Teaching beginners simple GADTs without introducing variance

I am working on Scala 3 training materials and finding it a bit tricky to teach a simple LinkedList enum without having to introduce variance first.

enum LinkedList[A]:
  case Empty
  case NonEmpty(a: A, tail: LinkedList[A])

That won’t compile unless I declare A as covariant or explicitly extending LinkedList[Nothing] on the Empty case.

I wonder what Scala instructors do? Shall I go with the extends hack or just introduce covariance at this early stage of the course?

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Another workaround I found is to declare Empty as a class

enum LinkedList[A]:
  case Empty()
  case NonEmpty(head: A, tail: LinkedList[A])

val l1 = LinkedList.Empty[Int]()

That’s probably more evil than the extends trick :slightly_smiling_face:

I think the one with a case object without covariance is simply incorrect. Even if you manually extend LinkedList[Nothing].


Yes, I just realised the compiler will start complaining when instantiating

[error] 39 |val l1 = LinkedList.NonEmpty(1, LinkedList.NonEmpty(2, LinkedList.NonEmpty(3, LinkedList.Empty)))
[error] | ^^^^^^^^^^^^^^^^
[error] |Found: (lesson3.LinkedList.Empty : lesson3.LinkedList[Nothing])
[error] |Required: lesson3.LinkedList[A]

I am inclined to bite the bullet and teach invariance, covariance, but not contravariance.

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Or just say “you need a plus here or it breaks, we’ll understand it later”

Contravariance is also easy if you use the right examples, for example functions. Why should it be delayed?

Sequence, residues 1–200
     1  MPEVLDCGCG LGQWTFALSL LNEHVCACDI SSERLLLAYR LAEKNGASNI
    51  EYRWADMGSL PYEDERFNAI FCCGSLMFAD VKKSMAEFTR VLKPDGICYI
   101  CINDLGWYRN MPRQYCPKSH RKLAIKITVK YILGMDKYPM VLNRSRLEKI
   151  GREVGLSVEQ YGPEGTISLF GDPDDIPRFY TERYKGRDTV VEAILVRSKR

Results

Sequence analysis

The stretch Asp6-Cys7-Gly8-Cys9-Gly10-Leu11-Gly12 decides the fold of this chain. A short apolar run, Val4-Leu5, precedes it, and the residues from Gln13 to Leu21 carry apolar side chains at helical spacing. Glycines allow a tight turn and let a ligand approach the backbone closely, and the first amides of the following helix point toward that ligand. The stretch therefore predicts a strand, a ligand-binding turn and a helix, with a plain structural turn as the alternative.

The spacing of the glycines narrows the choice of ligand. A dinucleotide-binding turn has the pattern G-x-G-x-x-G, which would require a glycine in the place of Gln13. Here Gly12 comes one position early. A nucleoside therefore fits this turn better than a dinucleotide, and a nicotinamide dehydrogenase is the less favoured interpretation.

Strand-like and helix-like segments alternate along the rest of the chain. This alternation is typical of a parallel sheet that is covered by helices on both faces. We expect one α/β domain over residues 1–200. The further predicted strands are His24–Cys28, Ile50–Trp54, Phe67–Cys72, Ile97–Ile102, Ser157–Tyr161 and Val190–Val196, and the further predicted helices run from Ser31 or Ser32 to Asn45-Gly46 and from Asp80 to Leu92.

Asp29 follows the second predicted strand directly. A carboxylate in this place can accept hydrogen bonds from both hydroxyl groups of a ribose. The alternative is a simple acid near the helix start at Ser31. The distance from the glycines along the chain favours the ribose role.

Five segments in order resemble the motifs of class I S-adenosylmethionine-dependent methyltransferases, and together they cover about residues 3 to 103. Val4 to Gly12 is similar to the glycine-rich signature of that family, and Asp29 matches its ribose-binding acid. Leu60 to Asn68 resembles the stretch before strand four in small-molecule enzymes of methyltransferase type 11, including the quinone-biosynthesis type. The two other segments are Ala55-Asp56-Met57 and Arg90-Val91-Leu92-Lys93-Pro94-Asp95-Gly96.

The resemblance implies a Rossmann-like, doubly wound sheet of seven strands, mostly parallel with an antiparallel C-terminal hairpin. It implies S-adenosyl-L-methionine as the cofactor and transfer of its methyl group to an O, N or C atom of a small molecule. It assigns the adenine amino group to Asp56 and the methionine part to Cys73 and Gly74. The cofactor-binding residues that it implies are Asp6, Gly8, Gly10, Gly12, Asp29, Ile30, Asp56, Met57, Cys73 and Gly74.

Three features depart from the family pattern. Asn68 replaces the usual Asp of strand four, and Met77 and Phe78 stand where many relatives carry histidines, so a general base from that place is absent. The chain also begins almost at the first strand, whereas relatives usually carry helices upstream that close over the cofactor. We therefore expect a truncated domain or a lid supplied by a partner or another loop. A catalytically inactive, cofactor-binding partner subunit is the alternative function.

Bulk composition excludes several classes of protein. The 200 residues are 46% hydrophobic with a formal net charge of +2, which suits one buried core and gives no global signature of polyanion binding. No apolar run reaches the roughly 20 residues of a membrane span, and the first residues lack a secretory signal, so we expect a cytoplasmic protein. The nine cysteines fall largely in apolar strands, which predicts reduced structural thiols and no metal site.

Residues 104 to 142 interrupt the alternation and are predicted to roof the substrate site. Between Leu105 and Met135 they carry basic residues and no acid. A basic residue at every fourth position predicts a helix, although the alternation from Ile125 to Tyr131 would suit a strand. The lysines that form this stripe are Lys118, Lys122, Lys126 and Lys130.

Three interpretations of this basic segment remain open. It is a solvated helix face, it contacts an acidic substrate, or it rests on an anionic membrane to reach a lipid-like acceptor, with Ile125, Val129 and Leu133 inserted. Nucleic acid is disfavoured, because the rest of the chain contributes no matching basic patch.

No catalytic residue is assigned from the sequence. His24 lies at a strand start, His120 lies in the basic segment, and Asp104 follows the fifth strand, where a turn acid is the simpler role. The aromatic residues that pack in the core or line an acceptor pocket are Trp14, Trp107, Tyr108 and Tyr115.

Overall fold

• RubenVerg :heart:

Another option - what I’d do with my 11-year-olds - is to stay focused on the data structure lesson at hand and put off the puzzles of variance for another day. Something like:

enum LinkedList:
  case Empty()
  case NonEmpty(a: Any, tail: LinkedList) 

However, it might be as much to explain “Don’t use Any after September,” as “You need a + here. I’ll explain why in October.”


Hi Tamer,

I actually realized about a week ago that I had this same in PinS 5ed. We added an enums chapter well before we explain covariance, but several unexplained plus signs were lurking quietly in the enum examples. I decided I will leave the plus signs in and add a footnote or callout that says the plus signs means covariance, which will be explained in section X.Y and in short means… Otherwise we’d need to twist our examples into pretzels to avoid covariance, or introduce enums way later than they deserve.


why? I find the example easy to understand and straight forward.

LinkedList.NonEmpty(1, LinkedList.NonEmpty(2, LinkedList.Empty()))